People with diabetes type 1 or 2 are at increased risk to develop a few different types of eye diseases that affect vision. This is because if a person has diabetes, the body does not respond or does not produce enough insulin, the hormone that delivers sugar to the cells. Too much blood sugar in the blood damages the nerves and blood vessels in the whole body, including the eyes.
You may have heard that the number one reason for blindness between 20-74 years of age is diabetes. While this is true, most of the time people with diabetes experience mild eye diseases, especially if the blood sugar levels are well managed and regular eye exams are followed.
Glaucoma develops when excessive pressure builds up in the eye. This extra pressure irritates the optic nerve and the blood vessels that supply the retina. Diabetes is one of the main risk factors for glaucoma, as more individuals with high blood sugar levels have this problem compared with those with healthy blood sugar levels. The risk further increases with age and the duration of diabetes.
Symptoms of glaucoma include blurry vision, aches and pains in the eye, halos around lights, watery eyes, and progressive vision loss. Glaucoma is treated with eye drops, other medication, surgery, or laser treatments.
High blood sugar levels damage the small blood vessels that supply the retina, causing diabetic retinopathy. These changes in the retina’s blood vessels make the vessels either leaky or cause abnormal growth of new vessels on the surface of the retina. Diabetic retinopathy develops in roughly half of people with diabetes and is the leading cause of blindness in American adults
The longer a person has diabetes, the more likely it is to develop these conditions. However, keeping the blood sugar levels under control can help lower the risk. High blood pressure, high cholesterol levels, and smoking are also risk factors for diabetic retinopathy. During the early stages, people with this condition may have no symptoms. Later on, blurry vision, dark, floating spots, streaks that look like cobwebs may be seen or fluctuating vision develop.
This condition requires regular eye exams and early treatment to prevent blindness, retinal detachment, bleeding in the eye, or glaucoma. Signs and symptoms of retinal detachment include blurred vision, flashes of light in the eyes, the sudden appearance of several floaters, shadows over the visual field, loss of peripheral vision.
In case of bleeding in the eye, a person may experience a few dark spots or floaters in mild cases, and even complete loss of vision. This blood clears within a few weeks to months and typically does not cause permanent damage to the eye.
Advanced forms of diabetic retinopathy are treated with prescription drugs injected in the eyes and laser surgery.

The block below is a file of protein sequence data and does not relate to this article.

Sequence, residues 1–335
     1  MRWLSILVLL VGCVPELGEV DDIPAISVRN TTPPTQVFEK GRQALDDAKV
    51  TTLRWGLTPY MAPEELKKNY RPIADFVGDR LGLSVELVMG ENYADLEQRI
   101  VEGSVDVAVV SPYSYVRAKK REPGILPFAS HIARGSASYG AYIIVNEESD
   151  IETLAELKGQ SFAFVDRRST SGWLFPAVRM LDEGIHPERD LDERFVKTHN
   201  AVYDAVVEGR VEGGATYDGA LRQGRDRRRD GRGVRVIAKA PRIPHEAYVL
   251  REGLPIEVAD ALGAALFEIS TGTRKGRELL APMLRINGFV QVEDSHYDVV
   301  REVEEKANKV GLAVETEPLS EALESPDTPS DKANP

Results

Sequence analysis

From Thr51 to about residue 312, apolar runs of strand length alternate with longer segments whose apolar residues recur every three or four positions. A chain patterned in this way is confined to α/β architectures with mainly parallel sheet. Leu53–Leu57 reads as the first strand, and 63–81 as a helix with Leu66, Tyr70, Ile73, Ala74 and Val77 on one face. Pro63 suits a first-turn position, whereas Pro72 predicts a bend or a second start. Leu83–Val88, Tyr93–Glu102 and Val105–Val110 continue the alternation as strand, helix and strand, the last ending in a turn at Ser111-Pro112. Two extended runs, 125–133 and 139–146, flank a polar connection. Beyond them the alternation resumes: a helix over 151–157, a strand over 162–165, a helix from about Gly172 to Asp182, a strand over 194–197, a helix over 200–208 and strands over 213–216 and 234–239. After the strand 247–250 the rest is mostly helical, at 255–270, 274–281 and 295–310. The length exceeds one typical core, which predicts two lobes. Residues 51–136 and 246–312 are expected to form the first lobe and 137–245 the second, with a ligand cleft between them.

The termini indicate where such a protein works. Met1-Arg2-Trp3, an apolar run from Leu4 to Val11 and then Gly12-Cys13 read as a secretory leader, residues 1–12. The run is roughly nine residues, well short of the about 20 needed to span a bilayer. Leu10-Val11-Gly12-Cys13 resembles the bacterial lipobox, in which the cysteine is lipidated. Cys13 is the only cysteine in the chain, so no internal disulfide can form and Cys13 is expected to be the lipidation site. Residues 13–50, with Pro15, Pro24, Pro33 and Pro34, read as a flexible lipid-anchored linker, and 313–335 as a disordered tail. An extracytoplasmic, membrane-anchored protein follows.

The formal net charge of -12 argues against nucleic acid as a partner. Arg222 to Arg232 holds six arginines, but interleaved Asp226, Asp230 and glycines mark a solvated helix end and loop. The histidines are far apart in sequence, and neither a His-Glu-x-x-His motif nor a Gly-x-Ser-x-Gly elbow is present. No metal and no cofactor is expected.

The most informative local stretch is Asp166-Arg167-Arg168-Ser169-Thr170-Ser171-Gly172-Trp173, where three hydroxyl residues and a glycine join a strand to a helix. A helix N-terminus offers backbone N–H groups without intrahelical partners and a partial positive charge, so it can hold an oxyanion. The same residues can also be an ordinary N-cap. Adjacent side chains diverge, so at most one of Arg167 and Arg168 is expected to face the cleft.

Cataracts are typically seen in the general population in the elderly. However, those with diabetes are also at increased risk to develop cataracts, usually at an earlier age and the disease gets worse faster. Symptoms of cataracts include blurred vision and glare. Mild forms are managed with sunglasses and glare control lenses. More severe cases are treated with artificial lenses that replace the natural lens of the eyes. Although cataract surgery is considered a safe procedure for most people, it can cause complications in those with diabetes- particularly infections, macular edema, glaucoma, or aggravation of the retinopathy.
How can you tell if diabetes is affecting your eyes?
The best way to know if diabetes affects the eyes is to see a doctor, see an eye specialist once a year and get eye tests.
Optometrists apply a solution that dilates the pupils so they can take a closer look at the blood vessels of the eyes and look for possible complications of diabetes.
Sometimes the blurry vision is the only symptom and is caused by higher than normal blood sugar levels. Although many people tend to go buy a pair of glasses, this problem can be reversed within weeks to a few months by keeping the glucose levels in the healthy range.
Symptoms like blurred vision, dark spots, fluctuating vision, eye pain, and any changes in the vision suggest eye disease and should be evaluated by a medical professional.
Everyone who has diabetes should pay special attention to eye health and keep the blood sugar levels well under control. Treating the eye complications of diabetes involve not only medication or laser surgery, but also managing the underlying problem– diabetes. Diet, along with exercise, sleep, and stress management is all-important to keep the blood sugar levels in an optimal range which is 70-130 mg/dL, before meals, and less than 180 mg/dL 1-2 hours after a meal. For best results, eye diseases related to diabetes are best managed by a team of healthcare professionals including family physicians, optometrists, dieticians, endocrinologists (for diabetes management) and if needed, eye surgeons.